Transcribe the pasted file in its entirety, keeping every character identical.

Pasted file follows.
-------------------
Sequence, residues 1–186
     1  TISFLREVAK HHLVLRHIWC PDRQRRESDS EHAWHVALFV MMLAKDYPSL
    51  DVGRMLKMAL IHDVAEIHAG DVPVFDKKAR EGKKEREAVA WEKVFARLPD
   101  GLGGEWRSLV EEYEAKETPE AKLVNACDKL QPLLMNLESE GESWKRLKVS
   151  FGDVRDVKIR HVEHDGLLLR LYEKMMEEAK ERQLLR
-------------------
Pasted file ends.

Sequence, residues 1–186
     1  TISFLREVAK HHLVLRHIWC PDRQRRESDS EHAWHVALFV MMLAKDYPSL
    51  DVGRMLKMAL IHDVAEIHAG DVPVFDKKAR EGKKEREAVA WEKVFARLPD
   101  GLGGEWRSLV EEYEAKETPE AKLVNACDKL QPLLMNLESE GESWKRLKVS
   151  FGDVRDVKIR HVEHDGLLLR LYEKMMEEAK ERQLLR